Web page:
In the earliest issue (1926) pulled from the trunk, I found this impressive blurb: “Xi Chapter challenges Alpha Epsilon’s sole right to the record of having three presidents in the chapter at one time, as it has the same number this year. Those brothers are Edward N. Hardy, Jr., who expects to get his L.L.B. in law this June and who was president in 1923-24; George M. Barner, who will receive the same degree as Hardy and who was president in 1924-25; and Stuart P. Jones, present president, and also in the School of Law at the University of Virginia.” In reading these old Rattles from the late 1920s and early 1930s, it became evident to me that Xi’s active members once included numerous graduate students in law, medicine, architecture, and other professions. It may then have been true for other social fraternities at UVA. I am not sure when that practice ended but it was certainly before my time in the 1960s.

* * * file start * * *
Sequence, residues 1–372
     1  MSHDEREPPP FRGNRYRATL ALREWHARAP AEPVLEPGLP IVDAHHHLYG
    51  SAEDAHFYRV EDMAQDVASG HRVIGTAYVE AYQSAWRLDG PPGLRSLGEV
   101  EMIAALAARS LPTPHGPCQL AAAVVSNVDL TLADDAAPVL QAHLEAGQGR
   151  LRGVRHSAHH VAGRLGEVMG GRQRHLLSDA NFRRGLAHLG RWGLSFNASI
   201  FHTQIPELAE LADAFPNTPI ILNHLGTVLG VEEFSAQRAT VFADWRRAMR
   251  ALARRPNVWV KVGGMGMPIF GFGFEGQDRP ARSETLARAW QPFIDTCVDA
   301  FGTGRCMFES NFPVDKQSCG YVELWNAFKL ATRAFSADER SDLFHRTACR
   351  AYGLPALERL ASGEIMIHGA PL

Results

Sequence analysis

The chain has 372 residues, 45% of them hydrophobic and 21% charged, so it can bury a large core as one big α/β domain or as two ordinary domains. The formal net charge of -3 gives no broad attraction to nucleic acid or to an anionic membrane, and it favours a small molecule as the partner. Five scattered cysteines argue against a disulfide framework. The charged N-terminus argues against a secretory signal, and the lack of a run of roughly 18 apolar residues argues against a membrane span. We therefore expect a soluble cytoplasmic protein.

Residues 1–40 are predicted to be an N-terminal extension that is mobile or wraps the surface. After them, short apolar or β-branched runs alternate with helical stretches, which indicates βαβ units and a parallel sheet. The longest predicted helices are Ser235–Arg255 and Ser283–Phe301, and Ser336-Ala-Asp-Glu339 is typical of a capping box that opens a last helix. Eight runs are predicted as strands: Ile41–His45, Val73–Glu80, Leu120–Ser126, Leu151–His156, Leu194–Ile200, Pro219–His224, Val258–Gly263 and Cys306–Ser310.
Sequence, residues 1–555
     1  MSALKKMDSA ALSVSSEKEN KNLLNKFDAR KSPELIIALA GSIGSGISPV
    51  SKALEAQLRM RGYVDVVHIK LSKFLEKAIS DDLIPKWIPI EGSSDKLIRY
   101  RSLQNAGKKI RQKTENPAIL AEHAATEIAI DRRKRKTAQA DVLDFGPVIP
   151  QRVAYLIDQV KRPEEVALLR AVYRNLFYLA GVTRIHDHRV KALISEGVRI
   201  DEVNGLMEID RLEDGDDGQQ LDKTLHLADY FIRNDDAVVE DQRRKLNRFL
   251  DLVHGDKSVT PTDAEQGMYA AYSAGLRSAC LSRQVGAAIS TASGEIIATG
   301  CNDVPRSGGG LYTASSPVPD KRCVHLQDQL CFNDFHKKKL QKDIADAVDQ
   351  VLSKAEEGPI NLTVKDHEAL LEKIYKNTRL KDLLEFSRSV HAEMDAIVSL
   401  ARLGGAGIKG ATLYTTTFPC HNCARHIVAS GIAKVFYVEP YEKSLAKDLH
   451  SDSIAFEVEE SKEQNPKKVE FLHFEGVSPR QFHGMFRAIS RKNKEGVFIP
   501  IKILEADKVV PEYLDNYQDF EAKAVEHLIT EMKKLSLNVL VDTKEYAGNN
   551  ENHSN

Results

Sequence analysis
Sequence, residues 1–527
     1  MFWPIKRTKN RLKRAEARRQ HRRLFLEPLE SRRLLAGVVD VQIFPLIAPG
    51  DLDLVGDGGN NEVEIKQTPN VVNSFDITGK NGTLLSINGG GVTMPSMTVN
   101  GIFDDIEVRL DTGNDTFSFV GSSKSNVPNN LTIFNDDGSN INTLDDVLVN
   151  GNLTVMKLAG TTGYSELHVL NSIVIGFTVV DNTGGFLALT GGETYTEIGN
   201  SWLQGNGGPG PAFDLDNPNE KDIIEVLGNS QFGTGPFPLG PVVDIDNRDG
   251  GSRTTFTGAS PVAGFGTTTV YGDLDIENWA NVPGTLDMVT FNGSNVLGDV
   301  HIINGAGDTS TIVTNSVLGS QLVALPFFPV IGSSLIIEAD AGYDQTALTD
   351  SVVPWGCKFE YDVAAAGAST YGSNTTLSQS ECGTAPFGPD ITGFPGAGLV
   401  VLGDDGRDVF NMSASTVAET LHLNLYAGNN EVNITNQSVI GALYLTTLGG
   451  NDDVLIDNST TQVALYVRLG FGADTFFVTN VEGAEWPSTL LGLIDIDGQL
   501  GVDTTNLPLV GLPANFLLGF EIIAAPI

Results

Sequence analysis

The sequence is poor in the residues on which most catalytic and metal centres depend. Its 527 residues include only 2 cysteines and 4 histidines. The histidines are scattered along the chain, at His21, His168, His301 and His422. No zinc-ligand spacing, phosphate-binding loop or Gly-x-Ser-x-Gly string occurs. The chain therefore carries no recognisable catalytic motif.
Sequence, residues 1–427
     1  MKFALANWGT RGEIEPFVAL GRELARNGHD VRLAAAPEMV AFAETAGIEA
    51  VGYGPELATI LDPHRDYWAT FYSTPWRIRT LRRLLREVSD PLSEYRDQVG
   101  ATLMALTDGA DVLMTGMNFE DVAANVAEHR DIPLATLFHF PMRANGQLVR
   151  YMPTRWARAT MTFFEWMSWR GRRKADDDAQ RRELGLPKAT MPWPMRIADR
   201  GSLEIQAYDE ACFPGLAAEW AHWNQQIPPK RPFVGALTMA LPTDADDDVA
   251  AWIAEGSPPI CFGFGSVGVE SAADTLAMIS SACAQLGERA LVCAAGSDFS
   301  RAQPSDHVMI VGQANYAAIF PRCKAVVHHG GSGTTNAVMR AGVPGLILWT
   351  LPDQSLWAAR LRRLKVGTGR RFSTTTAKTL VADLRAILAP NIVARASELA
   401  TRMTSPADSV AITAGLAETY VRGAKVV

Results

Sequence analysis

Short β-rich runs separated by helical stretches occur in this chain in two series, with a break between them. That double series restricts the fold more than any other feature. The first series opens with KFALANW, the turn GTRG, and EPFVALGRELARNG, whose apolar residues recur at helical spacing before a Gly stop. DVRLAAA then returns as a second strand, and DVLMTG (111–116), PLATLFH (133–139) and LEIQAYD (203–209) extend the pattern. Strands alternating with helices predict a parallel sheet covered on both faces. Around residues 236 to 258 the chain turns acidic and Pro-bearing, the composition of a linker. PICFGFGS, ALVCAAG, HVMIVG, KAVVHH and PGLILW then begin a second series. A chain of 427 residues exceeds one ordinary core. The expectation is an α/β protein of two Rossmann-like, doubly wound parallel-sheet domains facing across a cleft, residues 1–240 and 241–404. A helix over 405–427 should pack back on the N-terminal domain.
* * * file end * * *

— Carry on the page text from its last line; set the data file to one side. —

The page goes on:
In 1926, we had a pledge class of four – one a freshman (yes, he does not say “first year”) on the football team, another an “adjunct” (whatever that means) for boxing, a third an adjunct for basketball, and the last working for his Master’s degree (in exactly what area, our reporter fails to say). Xi brothers were on, or were trying out for, the wrestling, baseball, lacrosse and track teams, and our basketball team reached the “second brace” (second round?) of the interfraternity tournament. Various Xi brothers were involved with the Corks & Curls yearbook and the two then current publications of the University – the The Virginia Reel and the University of Virginia Magazine (I hadn’t heard of the The Virginia Reel but a little research revealed that it was published from 1920 to 1929 when it was suppressed for alleged “vulgar obscenity”!). Louis W. Ballou distinguished himself in the Beaux Art exhibition and also in drawing plans for Monticello that were to be published in the Richmond and Washington newspapers. Brother Ballou went on to become a distinguished, nationally-recognized architect who practiced in Richmond for many years.